Since we’re transiting, there isn’t much work to do. I took a wonderful nap to catch up on the sleep I missed from watch last night. We had our student meeting to talk about our projects and it was really interesting to hear all the different scientific and outreach problems the other students have planned. Truly an eclectic group of scientific minds. I feel so thankful for this amazing opportunity to be out at sea and learn from so many highly intelligent scientists and crew.

July 28, 2017

My first real day of science!! As the Jason crew was doing repairs to the latching mechanism, it was decided it would be an opportune time to get the CTD in the water near the 600 m Oregon Offshore site. Perfect time for me to collect samples for the Morris Lab back at the Center for Environmental Genomics. Seawater was filtered through a 0.2 µm filter so they can extract environmental DNA. I also collected two bottles of raw seawater so they can do some carbon chemistry when the bottles get returned. It’s great that I can help out a fellow CEG lab. It really shows how collaborative science can be.

Based on the timeline given to us aboard the ship, I’m thinking my experiment will start in a few days once we reach Axial Seamount, but first we have to stop at Slope Base for some more underwater operations with Jason. It’ll be exciting to see what lurks beneath the surface of the ocean. Maybe the weird fish that they’ve seen the past few years! Who knows what we might observe?!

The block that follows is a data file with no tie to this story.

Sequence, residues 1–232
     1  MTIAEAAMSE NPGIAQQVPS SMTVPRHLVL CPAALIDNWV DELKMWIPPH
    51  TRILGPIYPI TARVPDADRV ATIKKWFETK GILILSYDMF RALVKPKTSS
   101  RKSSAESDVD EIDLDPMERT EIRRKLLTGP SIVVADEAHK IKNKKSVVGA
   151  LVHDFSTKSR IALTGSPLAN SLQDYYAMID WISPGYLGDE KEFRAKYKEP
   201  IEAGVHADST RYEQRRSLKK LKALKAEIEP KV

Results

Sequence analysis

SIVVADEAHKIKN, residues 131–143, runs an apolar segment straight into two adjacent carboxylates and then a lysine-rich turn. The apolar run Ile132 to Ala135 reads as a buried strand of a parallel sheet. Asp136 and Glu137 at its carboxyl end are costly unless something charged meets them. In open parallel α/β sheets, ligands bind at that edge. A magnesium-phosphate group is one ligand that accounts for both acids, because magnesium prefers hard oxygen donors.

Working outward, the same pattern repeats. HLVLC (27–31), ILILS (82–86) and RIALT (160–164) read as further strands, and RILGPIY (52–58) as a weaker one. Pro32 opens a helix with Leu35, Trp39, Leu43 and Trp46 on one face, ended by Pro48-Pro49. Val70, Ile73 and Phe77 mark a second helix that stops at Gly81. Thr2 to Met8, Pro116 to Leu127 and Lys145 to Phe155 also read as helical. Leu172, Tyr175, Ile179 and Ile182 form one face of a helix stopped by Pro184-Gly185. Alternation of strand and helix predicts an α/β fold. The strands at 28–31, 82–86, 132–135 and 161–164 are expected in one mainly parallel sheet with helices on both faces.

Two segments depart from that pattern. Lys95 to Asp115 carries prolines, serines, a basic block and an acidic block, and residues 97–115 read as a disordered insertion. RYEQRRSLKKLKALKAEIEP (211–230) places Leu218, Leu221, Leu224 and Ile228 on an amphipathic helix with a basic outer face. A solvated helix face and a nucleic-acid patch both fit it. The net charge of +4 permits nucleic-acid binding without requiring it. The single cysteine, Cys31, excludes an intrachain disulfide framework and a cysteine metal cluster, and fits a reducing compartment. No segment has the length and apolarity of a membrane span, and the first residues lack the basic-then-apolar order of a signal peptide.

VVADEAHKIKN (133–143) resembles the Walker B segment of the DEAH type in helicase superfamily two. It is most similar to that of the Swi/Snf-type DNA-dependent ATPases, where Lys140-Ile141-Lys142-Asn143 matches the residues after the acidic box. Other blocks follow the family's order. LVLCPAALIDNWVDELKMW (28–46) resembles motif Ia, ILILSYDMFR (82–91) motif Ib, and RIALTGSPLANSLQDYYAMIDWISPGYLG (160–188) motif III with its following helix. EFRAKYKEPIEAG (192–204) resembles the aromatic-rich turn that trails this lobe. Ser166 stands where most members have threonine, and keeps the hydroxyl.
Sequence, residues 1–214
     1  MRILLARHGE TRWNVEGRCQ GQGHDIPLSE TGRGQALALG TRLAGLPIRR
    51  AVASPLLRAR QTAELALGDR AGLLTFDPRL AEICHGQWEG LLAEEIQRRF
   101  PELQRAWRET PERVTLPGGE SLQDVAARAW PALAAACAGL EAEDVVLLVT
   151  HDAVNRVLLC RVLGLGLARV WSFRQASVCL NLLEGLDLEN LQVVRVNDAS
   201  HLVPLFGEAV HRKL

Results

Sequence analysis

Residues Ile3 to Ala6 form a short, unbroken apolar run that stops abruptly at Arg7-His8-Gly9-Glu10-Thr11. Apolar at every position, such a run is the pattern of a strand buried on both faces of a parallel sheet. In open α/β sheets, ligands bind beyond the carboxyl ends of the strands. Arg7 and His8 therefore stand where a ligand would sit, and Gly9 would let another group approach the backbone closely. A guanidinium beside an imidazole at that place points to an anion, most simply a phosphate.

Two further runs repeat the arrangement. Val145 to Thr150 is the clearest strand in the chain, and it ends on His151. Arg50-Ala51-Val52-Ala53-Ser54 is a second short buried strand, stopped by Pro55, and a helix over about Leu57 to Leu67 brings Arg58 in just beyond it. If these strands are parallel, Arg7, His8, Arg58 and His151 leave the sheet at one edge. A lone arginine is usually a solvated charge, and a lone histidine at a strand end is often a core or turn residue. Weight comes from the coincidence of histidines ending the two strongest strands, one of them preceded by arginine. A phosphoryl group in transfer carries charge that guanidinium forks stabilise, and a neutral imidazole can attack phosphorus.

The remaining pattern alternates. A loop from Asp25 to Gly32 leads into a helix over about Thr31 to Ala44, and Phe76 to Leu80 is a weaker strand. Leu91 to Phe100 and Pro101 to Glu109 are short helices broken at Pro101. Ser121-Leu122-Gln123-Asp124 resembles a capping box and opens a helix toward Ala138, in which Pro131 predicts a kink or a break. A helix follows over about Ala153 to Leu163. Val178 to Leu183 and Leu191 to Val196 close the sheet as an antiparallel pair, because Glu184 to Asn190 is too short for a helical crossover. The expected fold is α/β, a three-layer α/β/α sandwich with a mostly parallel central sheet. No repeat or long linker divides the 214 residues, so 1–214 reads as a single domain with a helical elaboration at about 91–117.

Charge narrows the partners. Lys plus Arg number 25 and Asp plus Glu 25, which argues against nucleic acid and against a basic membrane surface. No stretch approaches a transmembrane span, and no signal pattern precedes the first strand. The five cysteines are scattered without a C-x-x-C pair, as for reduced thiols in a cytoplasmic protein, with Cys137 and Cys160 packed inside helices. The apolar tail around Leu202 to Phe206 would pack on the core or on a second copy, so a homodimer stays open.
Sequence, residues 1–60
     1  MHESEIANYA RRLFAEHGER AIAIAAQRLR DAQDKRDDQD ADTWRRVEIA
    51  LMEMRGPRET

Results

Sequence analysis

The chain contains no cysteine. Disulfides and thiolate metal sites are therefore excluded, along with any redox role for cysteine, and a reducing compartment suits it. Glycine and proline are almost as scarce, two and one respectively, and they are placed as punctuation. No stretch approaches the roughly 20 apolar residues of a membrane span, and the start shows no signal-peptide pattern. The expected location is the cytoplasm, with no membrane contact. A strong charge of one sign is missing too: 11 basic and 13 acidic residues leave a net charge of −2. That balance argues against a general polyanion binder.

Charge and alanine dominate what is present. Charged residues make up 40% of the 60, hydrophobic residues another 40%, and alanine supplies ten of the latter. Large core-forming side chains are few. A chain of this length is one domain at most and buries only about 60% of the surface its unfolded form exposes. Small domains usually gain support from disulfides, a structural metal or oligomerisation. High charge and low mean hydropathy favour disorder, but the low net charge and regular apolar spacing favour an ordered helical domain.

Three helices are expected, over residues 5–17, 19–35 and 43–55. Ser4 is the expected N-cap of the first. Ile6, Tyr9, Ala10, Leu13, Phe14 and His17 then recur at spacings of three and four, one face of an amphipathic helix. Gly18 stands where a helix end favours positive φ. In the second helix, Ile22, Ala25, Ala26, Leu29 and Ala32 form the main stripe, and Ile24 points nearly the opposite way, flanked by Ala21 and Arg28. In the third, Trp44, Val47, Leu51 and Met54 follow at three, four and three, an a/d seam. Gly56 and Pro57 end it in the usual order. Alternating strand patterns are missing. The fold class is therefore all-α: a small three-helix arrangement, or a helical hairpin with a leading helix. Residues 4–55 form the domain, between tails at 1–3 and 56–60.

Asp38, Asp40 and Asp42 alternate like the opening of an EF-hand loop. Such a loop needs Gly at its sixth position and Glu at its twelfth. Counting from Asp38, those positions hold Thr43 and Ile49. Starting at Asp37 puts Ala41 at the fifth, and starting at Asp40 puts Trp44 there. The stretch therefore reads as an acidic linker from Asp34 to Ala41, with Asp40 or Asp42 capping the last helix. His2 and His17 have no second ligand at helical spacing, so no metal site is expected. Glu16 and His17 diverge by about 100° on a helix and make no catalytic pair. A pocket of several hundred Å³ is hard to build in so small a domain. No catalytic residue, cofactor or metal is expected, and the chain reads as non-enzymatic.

July 27

Normally I’d have been in bed at around 8:30 or 9 (thanks Kyle for getting me used to going to bed early), but here I am up at midnight. I got assigned the midnight to 4 AM watch. I feel like Jon Snow. “Night gathers and now my watch begins.” It’ll definitely take a bit of adjusting, some caffeine, and strategic napping throughout the day to keep me awake for my shift. My job would normally be to watch the cameras attached to Jason, but there seems to be a latching problem so my watch might get to end early… Fingers crossed for my sake and REM. At least you can see the twinkling stars above head. Worth it?

The first full day aboard the ship went smoothly with only some mild nausea as we first set sail. Being out on the bow really helped. The weather couldn't have been better! The sun was out and it felt amazing to be out. I swore I saw some porpoises or something off the  starboard side of the bow, but when I went for a closer look they disappeared. Hopefully we’ll see some charismatic megafauna soon!